H/t to Eli Rabett, such a quick little bunny:
“Fabricated quote used to discredit climate scientists” — in the Independent.
Here’s an excerpt:
For climate sceptics it was a key piece of evidence showing that the scientists behindglobal warming could not be trusted. A quotation by one of the world’s most eminent climate scientists was supposed to demonstrate the depths to which he and his ilk would stoop to create scare stories exaggerating the threat of global warming.
Sir John Houghton, who played a critical role in establishing the Intergovernmental Panel onClimate Change (IPPC), was roundly condemned after it emerged that he was an apparent advocate of scary propaganda to frighten the public into believing the dangers of global warming.
“Unless we announce disasters, no one will listen,” Sir John was supposed to have said in 1994.
The quotation has since become the iconic smoking gun of the climate sceptic community. The words are the very first to appear in the “manual” of climate denialism written by the journalist and arch-sceptic Christopher Booker. They get more than a 100,000 hits on Google, and are wheeled out almost every time a climate sceptic has a point to make, the last occasion being in a Sunday newspaper article last weekend written by the social anthropologist and climate sceptic Benny Peiser.
The trouble is, Sir John Houghton has never said what he is quoted as saying. The words do not appear in his own book on global warming, first published in 1994, despite statements to the contrary. In fact, he denies emphatically that he ever said it at any time, either verbally or in writing.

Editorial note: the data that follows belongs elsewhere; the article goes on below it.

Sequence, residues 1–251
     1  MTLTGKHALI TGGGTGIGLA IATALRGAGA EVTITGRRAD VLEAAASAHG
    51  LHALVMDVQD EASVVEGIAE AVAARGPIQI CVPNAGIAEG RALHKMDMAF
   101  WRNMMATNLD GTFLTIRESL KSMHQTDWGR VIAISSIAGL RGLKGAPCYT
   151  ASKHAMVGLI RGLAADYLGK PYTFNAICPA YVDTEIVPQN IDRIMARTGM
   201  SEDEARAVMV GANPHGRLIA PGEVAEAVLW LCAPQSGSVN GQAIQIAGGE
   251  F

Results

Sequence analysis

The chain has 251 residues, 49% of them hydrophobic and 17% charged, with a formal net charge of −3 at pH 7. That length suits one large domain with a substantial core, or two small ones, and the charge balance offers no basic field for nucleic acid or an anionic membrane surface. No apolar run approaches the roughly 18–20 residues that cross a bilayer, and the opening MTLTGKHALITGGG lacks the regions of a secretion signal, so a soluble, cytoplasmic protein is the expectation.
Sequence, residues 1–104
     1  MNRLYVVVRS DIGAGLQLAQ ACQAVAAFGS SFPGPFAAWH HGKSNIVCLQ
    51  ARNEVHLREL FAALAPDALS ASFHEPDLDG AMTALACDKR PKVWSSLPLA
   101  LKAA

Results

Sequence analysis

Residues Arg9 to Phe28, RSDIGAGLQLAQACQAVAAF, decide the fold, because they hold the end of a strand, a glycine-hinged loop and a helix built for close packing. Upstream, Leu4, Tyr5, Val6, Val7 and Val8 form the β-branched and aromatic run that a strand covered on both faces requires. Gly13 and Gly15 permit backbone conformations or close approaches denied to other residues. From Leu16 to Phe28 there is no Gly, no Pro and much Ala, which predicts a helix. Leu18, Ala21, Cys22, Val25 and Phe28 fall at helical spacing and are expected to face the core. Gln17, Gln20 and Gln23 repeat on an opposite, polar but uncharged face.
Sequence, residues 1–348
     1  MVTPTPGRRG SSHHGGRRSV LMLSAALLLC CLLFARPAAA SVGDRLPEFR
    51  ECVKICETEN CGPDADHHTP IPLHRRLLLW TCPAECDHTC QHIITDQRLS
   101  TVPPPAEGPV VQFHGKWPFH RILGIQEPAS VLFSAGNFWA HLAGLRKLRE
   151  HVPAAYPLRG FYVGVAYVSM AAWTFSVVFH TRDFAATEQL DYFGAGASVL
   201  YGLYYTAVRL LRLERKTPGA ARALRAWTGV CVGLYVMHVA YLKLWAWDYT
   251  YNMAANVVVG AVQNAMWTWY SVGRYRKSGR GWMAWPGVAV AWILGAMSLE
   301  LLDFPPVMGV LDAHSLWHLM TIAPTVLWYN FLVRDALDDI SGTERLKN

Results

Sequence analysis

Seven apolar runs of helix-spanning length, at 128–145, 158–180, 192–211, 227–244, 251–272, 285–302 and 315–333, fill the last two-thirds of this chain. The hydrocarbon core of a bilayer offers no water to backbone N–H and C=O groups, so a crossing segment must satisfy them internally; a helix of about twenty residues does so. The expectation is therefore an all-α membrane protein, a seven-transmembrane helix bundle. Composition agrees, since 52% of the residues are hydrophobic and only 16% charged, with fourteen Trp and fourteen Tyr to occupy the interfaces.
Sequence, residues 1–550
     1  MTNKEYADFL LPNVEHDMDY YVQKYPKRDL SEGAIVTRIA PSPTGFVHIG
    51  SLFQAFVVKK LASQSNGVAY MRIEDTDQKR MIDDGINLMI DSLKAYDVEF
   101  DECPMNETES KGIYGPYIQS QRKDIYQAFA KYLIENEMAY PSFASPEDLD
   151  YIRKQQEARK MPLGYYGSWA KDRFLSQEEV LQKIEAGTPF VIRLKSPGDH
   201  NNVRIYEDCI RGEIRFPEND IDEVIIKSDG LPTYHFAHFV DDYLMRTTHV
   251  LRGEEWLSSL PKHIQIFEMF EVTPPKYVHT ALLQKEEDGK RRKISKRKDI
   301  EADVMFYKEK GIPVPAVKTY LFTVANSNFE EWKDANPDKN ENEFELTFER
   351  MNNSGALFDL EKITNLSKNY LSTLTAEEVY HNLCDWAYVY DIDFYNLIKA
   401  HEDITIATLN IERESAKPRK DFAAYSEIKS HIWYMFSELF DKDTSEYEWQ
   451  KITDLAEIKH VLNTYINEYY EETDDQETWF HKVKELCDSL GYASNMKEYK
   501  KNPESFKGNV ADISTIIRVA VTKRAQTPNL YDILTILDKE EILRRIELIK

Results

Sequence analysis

Very interesting but not very funny…
Here’s Media Watch’s coverage:
Everyone who is anyone in the sceptic firmament has used the quotation. It’s even been quoted in a submission to the British House of Lords.
Yet, amazingly, last week The Independent reported that Sir John Houghton…
…denies emphatically that he ever said it at any time, either verbally or in writing… “I would never say we should hype up the risk of climate disasters in order to get noticed,” he said.
— The Independent, 10th February, 2010
So where did the quote come from?
The Independent and Media Watch have both done computer searches to find the earliest use of the words. And we both came up with the same result: November 2006, in this column in the Sydney Sunday Telegraph…
If this turns out to be what it appears — the skeptic game of telephone — it will be amusing to see all the backtracking and “but but but”s of the skeptic crowd who parrot this quote as proof of AGW alarmism.
I’ll post their apologies for misquoting him all this time.